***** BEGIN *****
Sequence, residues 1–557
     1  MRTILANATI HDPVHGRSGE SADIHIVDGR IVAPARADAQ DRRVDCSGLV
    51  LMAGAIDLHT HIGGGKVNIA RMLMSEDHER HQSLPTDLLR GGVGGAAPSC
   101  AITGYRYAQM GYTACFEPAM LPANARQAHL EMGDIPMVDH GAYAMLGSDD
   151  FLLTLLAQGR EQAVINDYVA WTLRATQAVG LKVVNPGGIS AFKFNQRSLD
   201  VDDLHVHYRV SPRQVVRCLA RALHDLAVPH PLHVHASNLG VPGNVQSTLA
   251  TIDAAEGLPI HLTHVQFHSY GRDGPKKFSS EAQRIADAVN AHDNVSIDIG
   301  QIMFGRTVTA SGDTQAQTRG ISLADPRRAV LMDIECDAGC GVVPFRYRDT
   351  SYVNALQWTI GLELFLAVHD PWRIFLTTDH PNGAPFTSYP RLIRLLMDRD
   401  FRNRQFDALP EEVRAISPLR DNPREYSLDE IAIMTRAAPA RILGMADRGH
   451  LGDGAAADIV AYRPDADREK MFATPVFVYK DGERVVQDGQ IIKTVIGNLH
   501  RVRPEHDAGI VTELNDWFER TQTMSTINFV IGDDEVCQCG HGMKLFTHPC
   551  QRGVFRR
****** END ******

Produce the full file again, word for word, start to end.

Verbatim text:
Sequence, residues 1–557
     1  MRTILANATI HDPVHGRSGE SADIHIVDGR IVAPARADAQ DRRVDCSGLV
    51  LMAGAIDLHT HIGGGKVNIA RMLMSEDHER HQSLPTDLLR GGVGGAAPSC
   101  AITGYRYAQM GYTACFEPAM LPANARQAHL EMGDIPMVDH GAYAMLGSDD
   151  FLLTLLAQGR EQAVINDYVA WTLRATQAVG LKVVNPGGIS AFKFNQRSLD
   201  VDDLHVHYRV SPRQVVRCLA RALHDLAVPH PLHVHASNLG VPGNVQSTLA
   251  TIDAAEGLPI HLTHVQFHSY GRDGPKKFSS EAQRIADAVN AHDNVSIDIG
   301  QIMFGRTVTA SGDTQAQTRG ISLADPRRAV LMDIECDAGC GVVPFRYRDT
   351  SYVNALQWTI GLELFLAVHD PWRIFLTTDH PNGAPFTSYP RLIRLLMDRD
   401  FRNRQFDALP EEVRAISPLR DNPREYSLDE IAIMTRAAPA RILGMADRGH
   451  LGDGAAADIV AYRPDADREK MFATPVFVYK DGERVVQDGQ IIKTVIGNLH
   501  RVRPEHDAGI VTELNDWFER TQTMSTINFV IGDDEVCQCG HGMKLFTHPC
   551  QRGVFRR